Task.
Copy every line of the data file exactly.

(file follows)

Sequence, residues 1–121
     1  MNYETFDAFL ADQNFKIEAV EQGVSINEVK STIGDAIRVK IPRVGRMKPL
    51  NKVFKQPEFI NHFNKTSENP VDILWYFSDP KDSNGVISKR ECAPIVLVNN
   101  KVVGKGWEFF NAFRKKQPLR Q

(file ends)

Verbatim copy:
Sequence, residues 1–121
     1  MNYETFDAFL ADQNFKIEAV EQGVSINEVK STIGDAIRVK IPRVGRMKPL
    51  NKVFKQPEFI NHFNKTSENP VDILWYFSDP KDSNGVISKR ECAPIVLVNN
   101  KVVGKGWEFF NAFRKKQPLR Q